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Eli’s Fish Facts: Northern Pipefish!

Eli’s Fish Facts: Northern Pipefish!

Sygnathus fuscus 

Northern pipefish are one of my favorite fish that we catch in the estuary. Closely related to the elusive lined seahorse (who almost never stray into Yonkers waters), pipefish show their kinship through similar features – a bony, ringed body; a long, protruding snout; and in males, a brood pouch. Pipefishes grow up to 8 inches, and are seen in our estuary during mating season in the spring through fall, and return to the continental shelf for warmer winter waters.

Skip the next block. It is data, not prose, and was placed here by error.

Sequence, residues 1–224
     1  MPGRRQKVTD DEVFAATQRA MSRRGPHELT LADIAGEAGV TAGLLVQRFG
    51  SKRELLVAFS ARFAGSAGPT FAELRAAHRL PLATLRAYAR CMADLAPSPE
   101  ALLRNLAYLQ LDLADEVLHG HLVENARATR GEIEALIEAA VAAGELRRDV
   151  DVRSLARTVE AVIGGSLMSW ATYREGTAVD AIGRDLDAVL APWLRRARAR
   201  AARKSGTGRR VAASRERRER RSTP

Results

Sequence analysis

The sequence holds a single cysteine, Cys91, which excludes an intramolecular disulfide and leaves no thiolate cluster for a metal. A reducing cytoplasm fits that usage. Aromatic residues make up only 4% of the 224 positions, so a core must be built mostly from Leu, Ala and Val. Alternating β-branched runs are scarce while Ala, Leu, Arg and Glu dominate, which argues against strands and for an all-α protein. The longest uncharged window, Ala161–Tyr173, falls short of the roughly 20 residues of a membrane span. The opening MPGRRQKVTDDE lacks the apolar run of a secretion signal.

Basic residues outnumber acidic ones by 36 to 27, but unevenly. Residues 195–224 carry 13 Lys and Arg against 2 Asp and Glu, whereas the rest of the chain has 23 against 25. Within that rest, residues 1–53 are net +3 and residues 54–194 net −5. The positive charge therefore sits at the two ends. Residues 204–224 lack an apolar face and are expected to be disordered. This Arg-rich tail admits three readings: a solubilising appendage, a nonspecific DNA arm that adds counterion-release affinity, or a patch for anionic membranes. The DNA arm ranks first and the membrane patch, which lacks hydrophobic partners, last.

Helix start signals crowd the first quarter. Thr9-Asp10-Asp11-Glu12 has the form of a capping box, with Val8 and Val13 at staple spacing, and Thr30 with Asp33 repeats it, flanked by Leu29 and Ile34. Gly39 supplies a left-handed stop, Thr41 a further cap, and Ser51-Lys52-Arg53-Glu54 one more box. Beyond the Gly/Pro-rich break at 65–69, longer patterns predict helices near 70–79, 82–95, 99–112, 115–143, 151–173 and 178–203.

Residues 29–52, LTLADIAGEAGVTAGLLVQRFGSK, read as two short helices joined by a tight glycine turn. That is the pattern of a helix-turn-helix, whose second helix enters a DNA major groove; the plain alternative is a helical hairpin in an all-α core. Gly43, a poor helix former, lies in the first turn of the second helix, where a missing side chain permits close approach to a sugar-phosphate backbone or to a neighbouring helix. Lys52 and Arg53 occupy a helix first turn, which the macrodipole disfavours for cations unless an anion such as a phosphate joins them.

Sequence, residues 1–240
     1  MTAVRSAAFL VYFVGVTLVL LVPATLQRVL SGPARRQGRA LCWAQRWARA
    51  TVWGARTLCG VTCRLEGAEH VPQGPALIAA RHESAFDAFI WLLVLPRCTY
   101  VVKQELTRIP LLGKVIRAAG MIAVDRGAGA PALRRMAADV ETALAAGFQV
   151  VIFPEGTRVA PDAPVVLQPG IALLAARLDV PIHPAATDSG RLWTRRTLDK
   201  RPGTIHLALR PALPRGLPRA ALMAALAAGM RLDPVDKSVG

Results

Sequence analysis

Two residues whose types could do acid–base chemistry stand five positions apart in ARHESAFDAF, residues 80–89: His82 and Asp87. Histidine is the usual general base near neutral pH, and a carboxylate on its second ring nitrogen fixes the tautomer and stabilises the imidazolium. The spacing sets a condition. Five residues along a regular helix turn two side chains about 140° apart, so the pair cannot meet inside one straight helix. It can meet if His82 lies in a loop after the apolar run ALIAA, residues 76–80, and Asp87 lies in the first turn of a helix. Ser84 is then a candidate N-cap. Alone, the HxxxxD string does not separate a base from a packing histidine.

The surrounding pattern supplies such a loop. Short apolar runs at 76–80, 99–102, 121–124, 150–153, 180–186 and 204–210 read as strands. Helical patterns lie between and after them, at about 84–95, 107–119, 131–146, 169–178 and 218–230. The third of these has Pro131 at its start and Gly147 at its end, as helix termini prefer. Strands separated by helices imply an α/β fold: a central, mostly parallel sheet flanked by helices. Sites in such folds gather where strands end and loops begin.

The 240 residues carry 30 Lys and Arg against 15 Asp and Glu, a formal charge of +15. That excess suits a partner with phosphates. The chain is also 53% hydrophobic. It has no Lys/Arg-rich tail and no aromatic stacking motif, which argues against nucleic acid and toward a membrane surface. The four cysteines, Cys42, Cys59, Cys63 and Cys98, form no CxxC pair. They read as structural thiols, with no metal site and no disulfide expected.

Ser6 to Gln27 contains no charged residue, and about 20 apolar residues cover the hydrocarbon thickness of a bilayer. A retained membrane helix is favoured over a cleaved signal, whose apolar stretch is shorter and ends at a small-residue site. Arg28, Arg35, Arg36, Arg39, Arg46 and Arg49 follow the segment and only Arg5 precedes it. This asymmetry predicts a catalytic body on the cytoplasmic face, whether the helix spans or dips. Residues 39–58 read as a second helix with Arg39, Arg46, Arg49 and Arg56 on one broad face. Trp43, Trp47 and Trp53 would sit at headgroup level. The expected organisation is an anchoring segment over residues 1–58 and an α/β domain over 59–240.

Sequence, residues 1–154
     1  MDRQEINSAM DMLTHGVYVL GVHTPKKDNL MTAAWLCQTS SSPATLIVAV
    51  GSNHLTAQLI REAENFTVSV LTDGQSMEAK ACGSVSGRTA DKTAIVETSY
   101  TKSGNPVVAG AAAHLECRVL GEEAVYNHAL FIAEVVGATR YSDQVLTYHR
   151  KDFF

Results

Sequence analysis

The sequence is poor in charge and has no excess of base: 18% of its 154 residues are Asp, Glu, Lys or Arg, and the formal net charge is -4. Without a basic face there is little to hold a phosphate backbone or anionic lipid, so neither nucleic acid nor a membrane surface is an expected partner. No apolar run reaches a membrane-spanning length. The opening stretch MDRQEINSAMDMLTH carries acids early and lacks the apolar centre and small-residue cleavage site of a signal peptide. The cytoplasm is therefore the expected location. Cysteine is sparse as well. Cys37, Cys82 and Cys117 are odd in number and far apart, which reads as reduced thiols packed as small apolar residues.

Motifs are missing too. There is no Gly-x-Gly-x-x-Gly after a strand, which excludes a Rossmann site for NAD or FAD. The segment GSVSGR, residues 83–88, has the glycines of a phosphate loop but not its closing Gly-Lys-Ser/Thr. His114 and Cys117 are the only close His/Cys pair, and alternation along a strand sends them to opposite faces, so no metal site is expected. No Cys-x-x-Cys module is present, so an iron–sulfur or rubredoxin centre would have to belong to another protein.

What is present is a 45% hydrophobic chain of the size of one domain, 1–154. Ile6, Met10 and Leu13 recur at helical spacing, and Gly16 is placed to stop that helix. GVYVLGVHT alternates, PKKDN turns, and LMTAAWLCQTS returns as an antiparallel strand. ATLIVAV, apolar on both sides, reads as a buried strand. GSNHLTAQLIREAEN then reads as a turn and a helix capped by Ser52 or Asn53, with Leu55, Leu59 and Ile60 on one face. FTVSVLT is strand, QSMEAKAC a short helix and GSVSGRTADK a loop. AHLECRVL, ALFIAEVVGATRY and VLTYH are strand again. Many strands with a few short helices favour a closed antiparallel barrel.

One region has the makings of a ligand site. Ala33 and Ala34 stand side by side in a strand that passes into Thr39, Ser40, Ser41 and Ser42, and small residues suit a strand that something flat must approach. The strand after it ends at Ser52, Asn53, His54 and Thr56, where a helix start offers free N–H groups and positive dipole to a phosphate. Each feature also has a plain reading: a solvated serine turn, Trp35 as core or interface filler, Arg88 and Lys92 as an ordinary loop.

These fascinating fish feed on zooplankton floating in the water, and use their long snout to expel water, which causes a vacuum that sucks their prey in. They are also known, like seahorses, for males of the species being the ones to “get pregnant.” In reality, the female uses an ovipositor to deposit her eggs into the male’s brood pouch at the end of a mating dance, and he incubates them for approximately 10 days, after which up to 200 fully formed baby pipefish are expelled from the pouch. During incubation, the pouch emits an orange sheen, like the one pictured above.